See America One State Park at a Time

No, not national parks. We’re touring 50 great state parks, from sea to shining sea.


For the Love of State Parks

National Parks get all the love—and for good reason. But the 10,234 state parks in this country also have rugged good looks and outdoor adventure in spades—and they’re often less crowded. That’s what we’re all about these days, right? So we talked amongst ourselves. We talked to a handful of outdoor experts. And we pulled together a mix of totally off-the-grid parks, green spaces within a quick drive of major urban cities, and dozens that are perfect for a late-season fall getaway. So whether you’re looking to zoom-school on the road or dreaming about 2021, here’s a slightly biased, but always impassioned, guide to 50 of our favorite state parks. —AFAR editors


Cathedral Gorge State Park, Nevada

Cathedral Gorge State Park, Nevada

Photo by Mark Higgins/Shutterstock

From Washington to New Mexico, 13 Great Parks in the West

There are so many reasons to go park-hunting out West. Under-the-radar rock formations in Utah. Moss-draped rain forest in Washington. Soft sand dunes, not along the coast, but deep in Idaho—perfect for late-season exploring. Read on to learn more about the best state parks in the western states of California, Washington, Oregon, Utah, Hawaii, Nevada, Colorado, Idaho, Montana, Wyoming, Alaska, Arizona, and New Mexico. And then book a campsite—or maybe a yurt! or a cabin!—whether for a late-fall getaway or as a reason to dream about spring 2021.

Kachemak Bay State Park

Catalina State Park

Montaña de Oro State Park

State Forest State Park

Kōkeʻe State Park

Bruneau Dunes State Park

Makoshika State Park

Cathedral Gorge State Park

New Mexico
Cerrillos Hills State Park

Sitka Sedge State Natural Area

Goblin Valley State Park

Bogachiel State Park

Hot Springs State Park

>> Explore the list


Turkey Run State Park, Indiana

Turkey Run State Park, Indiana

Photo by Seth Passfield/Shutterstock

From North Dakota to Ohio, 12 Great Parks in the Midwest

The states between the East and West Coasts have long been dubbed “flyover country”—places many only see by air and don’t bother to explore on the ground. But ask anyone familiar with the Midwest, and most will tell you that this designation has its pros: It means fewer people in some of the country’s most scenic state parks. Comprising 12 states—Indiana, North Dakota, South Dakota, Minnesota, Wisconsin, Michigan, Iowa, Nebraska, Kansas, Illinois, Ohio, and Missouri—the region has old-growth forests, million-year-old sandstone gorges, ambling bison, and an abundance of water in the form of rivers, waterfalls, and lakes galore.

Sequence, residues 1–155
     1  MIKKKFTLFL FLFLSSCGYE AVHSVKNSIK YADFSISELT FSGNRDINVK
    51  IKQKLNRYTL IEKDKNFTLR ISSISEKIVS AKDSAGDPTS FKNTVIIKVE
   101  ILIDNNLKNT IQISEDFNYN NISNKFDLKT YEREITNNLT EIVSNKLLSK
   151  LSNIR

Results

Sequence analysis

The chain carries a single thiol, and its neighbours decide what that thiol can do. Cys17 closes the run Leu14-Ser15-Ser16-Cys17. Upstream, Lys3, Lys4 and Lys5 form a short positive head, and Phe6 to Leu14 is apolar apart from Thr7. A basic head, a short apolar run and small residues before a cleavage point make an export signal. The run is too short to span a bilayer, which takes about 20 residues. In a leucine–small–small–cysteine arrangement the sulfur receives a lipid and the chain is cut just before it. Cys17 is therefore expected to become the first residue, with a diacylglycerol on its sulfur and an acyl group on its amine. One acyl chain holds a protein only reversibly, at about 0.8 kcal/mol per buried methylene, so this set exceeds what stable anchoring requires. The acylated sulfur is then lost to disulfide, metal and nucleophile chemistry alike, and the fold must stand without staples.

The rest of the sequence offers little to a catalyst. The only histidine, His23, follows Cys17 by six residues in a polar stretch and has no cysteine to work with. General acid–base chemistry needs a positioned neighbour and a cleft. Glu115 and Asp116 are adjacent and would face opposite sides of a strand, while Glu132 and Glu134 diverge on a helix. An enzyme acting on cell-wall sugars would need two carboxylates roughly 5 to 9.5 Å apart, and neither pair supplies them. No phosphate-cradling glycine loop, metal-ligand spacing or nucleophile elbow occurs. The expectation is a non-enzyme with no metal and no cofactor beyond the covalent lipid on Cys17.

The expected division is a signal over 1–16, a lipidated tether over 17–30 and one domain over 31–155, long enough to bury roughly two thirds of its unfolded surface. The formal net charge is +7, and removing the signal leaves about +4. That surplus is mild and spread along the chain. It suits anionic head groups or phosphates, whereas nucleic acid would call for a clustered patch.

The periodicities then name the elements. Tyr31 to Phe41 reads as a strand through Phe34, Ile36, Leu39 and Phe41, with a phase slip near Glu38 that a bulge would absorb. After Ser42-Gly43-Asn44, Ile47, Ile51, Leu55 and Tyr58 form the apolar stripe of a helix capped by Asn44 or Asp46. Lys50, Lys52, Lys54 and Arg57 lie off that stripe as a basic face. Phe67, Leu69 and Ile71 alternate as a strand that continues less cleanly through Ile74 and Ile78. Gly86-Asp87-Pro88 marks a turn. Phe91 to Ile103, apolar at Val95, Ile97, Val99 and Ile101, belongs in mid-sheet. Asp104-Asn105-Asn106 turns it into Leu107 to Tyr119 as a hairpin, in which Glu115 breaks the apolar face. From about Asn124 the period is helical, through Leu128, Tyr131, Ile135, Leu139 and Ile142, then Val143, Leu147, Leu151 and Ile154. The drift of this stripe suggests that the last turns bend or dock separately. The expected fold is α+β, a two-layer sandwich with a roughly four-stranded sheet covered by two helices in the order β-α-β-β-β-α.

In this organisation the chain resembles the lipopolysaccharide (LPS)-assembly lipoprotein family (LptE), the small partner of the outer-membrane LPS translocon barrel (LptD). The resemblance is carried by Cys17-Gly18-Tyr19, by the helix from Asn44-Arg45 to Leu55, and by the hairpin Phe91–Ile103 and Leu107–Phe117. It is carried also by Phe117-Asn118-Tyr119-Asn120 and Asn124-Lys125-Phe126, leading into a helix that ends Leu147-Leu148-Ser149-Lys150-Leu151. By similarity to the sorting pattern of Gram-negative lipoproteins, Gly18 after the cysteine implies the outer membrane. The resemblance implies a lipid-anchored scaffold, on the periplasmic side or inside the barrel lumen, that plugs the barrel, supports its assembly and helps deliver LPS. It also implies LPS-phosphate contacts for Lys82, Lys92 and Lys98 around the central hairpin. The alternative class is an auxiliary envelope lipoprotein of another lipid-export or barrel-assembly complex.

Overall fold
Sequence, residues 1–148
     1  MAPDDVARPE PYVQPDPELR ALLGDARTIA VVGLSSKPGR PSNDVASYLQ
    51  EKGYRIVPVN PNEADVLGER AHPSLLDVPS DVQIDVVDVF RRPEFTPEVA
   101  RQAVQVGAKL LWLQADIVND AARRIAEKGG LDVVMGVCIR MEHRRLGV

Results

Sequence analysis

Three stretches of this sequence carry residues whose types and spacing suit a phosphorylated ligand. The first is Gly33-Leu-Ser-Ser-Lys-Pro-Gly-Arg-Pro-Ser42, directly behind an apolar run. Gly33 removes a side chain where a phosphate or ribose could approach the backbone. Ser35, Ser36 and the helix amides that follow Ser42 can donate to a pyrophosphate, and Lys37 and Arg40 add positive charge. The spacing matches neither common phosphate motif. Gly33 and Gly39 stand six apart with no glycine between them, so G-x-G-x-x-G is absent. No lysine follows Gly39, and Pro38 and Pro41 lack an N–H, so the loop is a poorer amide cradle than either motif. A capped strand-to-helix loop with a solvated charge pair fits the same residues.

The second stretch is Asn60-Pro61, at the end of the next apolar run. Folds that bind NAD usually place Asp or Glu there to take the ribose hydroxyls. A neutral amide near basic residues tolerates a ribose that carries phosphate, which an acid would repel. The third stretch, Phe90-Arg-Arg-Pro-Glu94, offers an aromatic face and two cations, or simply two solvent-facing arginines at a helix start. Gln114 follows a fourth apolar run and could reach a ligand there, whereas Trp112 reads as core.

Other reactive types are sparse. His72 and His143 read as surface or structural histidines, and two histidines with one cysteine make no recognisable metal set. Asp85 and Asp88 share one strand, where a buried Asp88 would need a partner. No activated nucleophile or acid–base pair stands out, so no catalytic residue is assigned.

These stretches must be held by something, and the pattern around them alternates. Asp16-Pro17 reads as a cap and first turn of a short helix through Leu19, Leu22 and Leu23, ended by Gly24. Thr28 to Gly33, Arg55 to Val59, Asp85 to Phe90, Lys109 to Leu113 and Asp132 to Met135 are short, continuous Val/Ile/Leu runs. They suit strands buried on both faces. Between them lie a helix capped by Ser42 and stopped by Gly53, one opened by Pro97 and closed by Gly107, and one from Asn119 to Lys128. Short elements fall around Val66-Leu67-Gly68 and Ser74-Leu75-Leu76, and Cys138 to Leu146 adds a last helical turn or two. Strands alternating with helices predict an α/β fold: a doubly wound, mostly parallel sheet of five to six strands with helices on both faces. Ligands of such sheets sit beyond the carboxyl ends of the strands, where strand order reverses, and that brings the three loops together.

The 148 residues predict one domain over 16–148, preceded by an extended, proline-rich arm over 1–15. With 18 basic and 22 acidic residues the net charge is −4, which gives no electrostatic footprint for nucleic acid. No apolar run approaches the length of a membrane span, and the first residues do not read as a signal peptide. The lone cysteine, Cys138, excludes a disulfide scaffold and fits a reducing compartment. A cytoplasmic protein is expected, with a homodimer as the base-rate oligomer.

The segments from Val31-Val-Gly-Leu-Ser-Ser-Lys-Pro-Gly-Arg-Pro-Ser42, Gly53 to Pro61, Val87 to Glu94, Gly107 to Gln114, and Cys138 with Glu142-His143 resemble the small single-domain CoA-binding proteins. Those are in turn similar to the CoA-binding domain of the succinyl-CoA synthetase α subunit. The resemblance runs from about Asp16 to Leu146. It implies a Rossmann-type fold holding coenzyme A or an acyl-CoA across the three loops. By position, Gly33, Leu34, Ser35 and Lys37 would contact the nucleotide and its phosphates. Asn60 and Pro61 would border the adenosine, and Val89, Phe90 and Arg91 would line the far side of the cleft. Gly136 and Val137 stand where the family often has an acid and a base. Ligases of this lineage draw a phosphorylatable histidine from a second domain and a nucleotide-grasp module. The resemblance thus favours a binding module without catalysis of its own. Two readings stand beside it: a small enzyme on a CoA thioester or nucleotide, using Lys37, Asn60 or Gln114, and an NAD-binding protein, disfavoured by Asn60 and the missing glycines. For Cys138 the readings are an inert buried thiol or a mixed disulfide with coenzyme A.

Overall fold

Starved Rock State Park

Turkey Run State Park

Backbone State Park

Mushroom Rock State Park

Mackinac Island State Park

Grand Portage State Park

Elephant Rocks State Park

Platte River State Park

North Dakota
Fort Abraham Lincoln State Park

Hocking Hills State Park

South Dakota
Custer State Park

Devil’s Lake State Park

>> Explore the list


Chicot State Park, Louisiana

Chicot State Park, Louisiana

Photo by Jay L/Shutterstock

From Texas to Florida, 14 Great Parks in the South

The parks here may be bundled beneath one geographic designation—the South—but they couldn’t be more different from one another, encompassing some of the most mind-boggling features of this country. Just try to compare the bayou-like waterways of Louisiana’s Chicot State Park with the otherworldly desert landscapes of Big Bend Ranch in Texas, or the dark lava rock moonscape of Oklahoma’s Black Mesa with the waterfall splendor that is Tennessee’s Fall Creek Falls. The best way to understand them, of course, is to visit. So consider this list of the best parks in the South—Louisiana, Arkansas, Mississippi, Alabama, Georgia, South and North Carolinas, Virginia and West Virginia, Florida, Tennessee, Kentucky, Oklahoma, and Texas—your starting line.

Gulf State Park

Lake Ouachita State Park

John Pennekamp Coral Reef State Park

Red Top Mountain State Park

Dale Hollow Lake State Resort Park

Chicot State Park

Tishomingo State Park

North Carolina
Hanging Rock State Park

Black Mesa State Park

South Carolina
Paris Mountain State Park

TennesseeFall Creek Falls State Park

Big Bend Ranch State Park

Natural Bridge State Park

West Virginia
Babcock State Park

>> Explore the list


Watkins Glen State Park, New York

Watkins Glen State Park, New York

Photo by Kenneth Keifer/Shutterstock

From Maryland to Maine, 11 Great Parks in the Northeast

Wild waterfalls. Wilder horses. The Grand Canyon of the East Coast—sorta. All that and more can be found in the state parks that span the 11 states of the Northeast, which includes New York, Maryland, Pennsylvania, Maine, Vermont, New Hampshire, Delaware, New Jersey, Connecticut, Rhode Island, and Massachusetts. A majority of them are less than two hours from a big city, which means a weekend getaway is not only feasible but also recommended. So what are you waiting for?

Harkness Memorial State Park

Cape Henlopen State Park

Camden Hills State Park

Assateague State Park

Nickerson State Park

New Hampshire
Franconia Notch State Park

New Jersey
Barnegat Lighthouse State Park

New York
Watkins Glen State Park

Leonard Harrison State Park

Rhode Island
Brenton Point State Park

Smugglers’ Notch State Park

>> Explore the list

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